UNITED STATES COURT OF APPEALS FOR THE THIRD CIRCUIT
decided: April 24, 1969.
UNITED STATES OF AMERICA EX REL. DANIEL BOLISH, APPELLANT,
JAMES F. MARONEY, SUPERINTENDENT, STATE CORRECTIONAL INSTITUTION, PITTSBURGH, PENNSYLVANIA
Hastie, Chief Judge, and Kalodner and Van Dusen, Circuit Judges. Hastie, Chief Judge (concurring).
Author: Per Curiam
Opinion OF THE COURT
This case challenges the denial of a Petition for a Writ of Habeas Corpus by the District Court order of April 28, 1967. A jury found relator guilty of murder in the first degree (N.T. 843), with the penalty of life imprisonment, in December 1955, and he complains of confinement in accordance with such verdict.*fn1
After a careful review of the record, we have concluded that there is no merit in the contentions raised in subparagraphs 3(a), (c), (d), (e), (f), (g), and (h) of the Petition. See United States ex rel. Almeida v. Rundle, 383 F.2d 421 (3rd Cir. 1967), cert. den. 393 U.S. 863, 89 S. Ct. 144, 21 L. Ed. 2d 131 (1968), and cases cited in footnote 1.*fn2
Also, an examination of the trial record discloses that relator's contention in sub-paragraph 3(b) of his Petition that "the admission and application of past criminal records and testimony thereto" at his trial violated his constitutional rights must be denied. See Spencer v. Texas, 385 U.S. 554, 87 S. Ct. 648, 17 L. Ed. 2d 606 (1967); Rundle v. Johnson, 386 U.S. 14, 87 S. Ct. 847, 17 L. Ed. 2d 695 (1967).*fn3 These decisions make clear that no matter how many prior convictions are involved, their recitation to the jury is immaterial as long as the jury is charged that this evidence is to be considered only with respect to the penalty imposed in the event that the jury finds the defendant is guilty of the crime with which he is charged. The jury was properly charged that this evidence was to be considered only with respect to the penalty imposed in the event they found relator guilty of first degree murder*fn4 (N.T. 823, 827-828).
Applying the rationale of these 1967 decisions to this record, the jury, following the instruction quoted in footnote 4, only considered relator's past criminal record*fn5 in deciding whether his punishment should be death or life imprisonment. In Johnson, supra, where the prosecutor's only evidence of guilt was a confession and re-enactment of the crime by a defendant with a 7th grade education when in custody and without counsel and the jury was informed, prior to returning its guilty verdict and sentence of life imprisonment, of a prior conviction for an offense involving facts with "a striking similarity to the methods used in the present case" (p. 698 of 243 F. Supp.), the Supreme Court of the United States reversed the grant of a petition for a writ of habeas corpus, relying on Spencer, supra.*fn6 See United States ex rel. Johnson v. Rundle, 243 F. Supp. 695 (E.D.Pa.1964), aff'd 349 F.2d 416 (3rd Cir. 1965).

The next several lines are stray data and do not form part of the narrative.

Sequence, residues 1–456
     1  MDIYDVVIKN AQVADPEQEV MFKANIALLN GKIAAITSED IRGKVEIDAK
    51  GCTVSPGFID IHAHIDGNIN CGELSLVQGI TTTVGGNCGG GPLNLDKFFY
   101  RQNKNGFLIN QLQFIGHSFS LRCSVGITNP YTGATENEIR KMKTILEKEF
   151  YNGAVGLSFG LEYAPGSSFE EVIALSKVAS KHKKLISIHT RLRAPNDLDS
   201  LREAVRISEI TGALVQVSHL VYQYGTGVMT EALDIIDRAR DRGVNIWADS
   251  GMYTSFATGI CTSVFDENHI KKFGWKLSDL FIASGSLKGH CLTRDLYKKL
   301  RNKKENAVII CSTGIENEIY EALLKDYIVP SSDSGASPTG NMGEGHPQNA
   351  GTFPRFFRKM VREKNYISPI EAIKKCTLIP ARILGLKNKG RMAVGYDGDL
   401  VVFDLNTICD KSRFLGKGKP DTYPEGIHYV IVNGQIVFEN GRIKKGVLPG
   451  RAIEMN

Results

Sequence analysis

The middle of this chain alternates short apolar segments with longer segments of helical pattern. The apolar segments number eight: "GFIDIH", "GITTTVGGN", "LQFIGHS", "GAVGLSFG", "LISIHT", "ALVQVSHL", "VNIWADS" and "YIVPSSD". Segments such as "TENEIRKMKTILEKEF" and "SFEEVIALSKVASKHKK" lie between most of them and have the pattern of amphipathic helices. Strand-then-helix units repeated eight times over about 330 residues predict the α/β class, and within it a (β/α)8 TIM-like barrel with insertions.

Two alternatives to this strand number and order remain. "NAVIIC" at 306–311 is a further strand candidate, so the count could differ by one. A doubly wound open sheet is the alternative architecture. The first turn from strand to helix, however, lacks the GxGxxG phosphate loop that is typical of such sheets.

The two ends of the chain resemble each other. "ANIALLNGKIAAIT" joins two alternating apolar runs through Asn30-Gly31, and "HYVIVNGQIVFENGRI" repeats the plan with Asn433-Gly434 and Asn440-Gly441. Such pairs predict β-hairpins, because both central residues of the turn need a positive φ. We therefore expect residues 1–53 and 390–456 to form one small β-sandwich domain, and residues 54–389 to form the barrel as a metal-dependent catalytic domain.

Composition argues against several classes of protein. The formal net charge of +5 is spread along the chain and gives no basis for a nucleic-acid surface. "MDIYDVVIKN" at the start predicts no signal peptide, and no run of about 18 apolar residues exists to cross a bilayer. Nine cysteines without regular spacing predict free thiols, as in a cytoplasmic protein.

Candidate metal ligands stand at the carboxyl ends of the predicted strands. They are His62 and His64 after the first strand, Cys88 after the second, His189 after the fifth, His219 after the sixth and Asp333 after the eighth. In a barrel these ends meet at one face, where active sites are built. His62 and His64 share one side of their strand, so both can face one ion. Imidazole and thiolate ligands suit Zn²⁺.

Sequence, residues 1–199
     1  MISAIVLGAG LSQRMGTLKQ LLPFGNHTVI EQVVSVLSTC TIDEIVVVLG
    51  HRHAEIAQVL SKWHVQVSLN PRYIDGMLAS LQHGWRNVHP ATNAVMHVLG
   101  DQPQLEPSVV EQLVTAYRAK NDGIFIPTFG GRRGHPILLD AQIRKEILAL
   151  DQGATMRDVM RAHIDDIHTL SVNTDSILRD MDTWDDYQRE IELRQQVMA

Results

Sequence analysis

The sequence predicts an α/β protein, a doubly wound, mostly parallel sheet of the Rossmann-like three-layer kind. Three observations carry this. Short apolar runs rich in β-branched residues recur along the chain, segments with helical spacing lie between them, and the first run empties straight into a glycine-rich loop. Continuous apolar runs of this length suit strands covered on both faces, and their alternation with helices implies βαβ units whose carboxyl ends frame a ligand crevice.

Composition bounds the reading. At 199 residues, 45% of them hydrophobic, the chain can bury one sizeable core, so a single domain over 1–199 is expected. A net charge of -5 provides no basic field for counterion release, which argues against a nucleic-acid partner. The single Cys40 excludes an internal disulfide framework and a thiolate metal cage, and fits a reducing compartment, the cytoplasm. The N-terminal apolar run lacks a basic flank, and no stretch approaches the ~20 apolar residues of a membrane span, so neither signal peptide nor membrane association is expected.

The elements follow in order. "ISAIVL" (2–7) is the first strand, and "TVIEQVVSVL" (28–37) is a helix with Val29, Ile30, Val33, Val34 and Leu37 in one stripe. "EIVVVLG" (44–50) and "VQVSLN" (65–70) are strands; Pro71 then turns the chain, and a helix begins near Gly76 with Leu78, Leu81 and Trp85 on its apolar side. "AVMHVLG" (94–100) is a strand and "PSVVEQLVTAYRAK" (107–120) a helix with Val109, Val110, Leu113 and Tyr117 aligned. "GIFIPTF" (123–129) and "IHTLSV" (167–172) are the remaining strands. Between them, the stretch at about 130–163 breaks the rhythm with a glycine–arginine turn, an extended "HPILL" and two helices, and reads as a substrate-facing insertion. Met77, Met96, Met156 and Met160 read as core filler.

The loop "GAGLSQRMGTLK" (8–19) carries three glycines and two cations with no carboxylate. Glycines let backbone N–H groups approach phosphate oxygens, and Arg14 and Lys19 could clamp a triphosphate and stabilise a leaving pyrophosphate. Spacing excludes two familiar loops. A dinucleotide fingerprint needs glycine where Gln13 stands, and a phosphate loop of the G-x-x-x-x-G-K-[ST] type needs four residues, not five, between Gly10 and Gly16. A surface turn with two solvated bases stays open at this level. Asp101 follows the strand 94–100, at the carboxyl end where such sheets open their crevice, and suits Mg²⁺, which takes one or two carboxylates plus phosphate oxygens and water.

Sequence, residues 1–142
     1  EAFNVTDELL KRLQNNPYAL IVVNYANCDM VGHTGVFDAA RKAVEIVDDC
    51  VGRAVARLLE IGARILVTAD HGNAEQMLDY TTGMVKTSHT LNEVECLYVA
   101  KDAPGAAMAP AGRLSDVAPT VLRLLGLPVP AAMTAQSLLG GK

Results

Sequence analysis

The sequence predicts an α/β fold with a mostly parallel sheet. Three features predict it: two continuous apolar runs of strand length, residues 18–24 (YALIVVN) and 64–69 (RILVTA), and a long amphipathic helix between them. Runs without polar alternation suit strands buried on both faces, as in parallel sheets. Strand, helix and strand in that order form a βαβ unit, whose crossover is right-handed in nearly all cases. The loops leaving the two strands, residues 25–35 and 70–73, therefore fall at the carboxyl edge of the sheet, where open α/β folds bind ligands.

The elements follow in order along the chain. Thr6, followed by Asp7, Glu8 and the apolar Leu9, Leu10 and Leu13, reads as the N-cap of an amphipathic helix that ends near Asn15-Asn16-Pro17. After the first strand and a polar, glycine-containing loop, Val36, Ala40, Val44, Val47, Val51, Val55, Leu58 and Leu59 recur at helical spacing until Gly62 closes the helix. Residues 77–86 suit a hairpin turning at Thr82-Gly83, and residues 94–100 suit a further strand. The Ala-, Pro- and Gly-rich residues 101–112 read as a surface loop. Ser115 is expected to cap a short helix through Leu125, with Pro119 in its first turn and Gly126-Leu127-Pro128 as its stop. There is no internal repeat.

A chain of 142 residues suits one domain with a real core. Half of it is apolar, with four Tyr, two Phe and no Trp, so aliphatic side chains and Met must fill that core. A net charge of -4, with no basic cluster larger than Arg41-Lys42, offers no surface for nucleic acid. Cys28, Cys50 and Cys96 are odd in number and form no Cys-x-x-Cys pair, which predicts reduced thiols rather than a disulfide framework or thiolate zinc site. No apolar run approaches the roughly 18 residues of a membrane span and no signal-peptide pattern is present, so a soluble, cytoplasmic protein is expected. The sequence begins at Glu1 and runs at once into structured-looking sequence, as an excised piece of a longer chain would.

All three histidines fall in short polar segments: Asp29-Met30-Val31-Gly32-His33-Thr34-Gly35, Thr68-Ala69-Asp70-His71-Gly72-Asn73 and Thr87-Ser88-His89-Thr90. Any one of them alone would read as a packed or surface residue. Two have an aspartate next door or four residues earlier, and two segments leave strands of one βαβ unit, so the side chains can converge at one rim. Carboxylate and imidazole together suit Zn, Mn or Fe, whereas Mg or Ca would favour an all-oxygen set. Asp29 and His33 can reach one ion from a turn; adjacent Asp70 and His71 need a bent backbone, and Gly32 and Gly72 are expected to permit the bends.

On the issue of the extent of the sentence, the jury was entitled to know of the armed robbery conviction. The error in permitting the jury to know of the other two convictions had no prejudicial effect on its determination of the sentence, since the defendant received the minimum permissible sentence. In this respect, the decision presented by this case differs from that before the court in Burgett v. Texas, supra, where the defendant did not receive the minimum permissible sentence.*fn7 Cf. Chapman v. California, 386 U.S. 18, 21-24, 87 S. Ct. 824, 17 L. Ed. 2d 705 (1967).
The District Court order of April 28, 1967, will be affirmed.
HASTIE, Chief Judge (concurring).
Were we free from constraint imposed by higher authority, I would find that in the circumstances of this case the introduction of prior convictions into evidence at the petitioner's trial was inconsistent with the due process requirement of fundamental fairness. However, in a similar case presenting an even stronger showing of unfairness and prejudice, United States ex rel. Johnson v. Rundle, E.D.Pa.1964, 243 F. Supp. 695, aff'd. per curiam, 3d Cir. 1965, 349 F.2d 416, the Supreme Court reversed per curiam our allowance of habeas corpus. Rundle v. Johnson, 1967, 386 U.S. 14, 87 S. Ct. 847, 17 L. Ed. 2d 695. That decision, which in my view extends the reach of Spencer v. Texas, 1967, 385 U.S. 554, 87 S. Ct. 648, 17 L. Ed. 2d 606, leaves us no alternative but to deny relief in this case.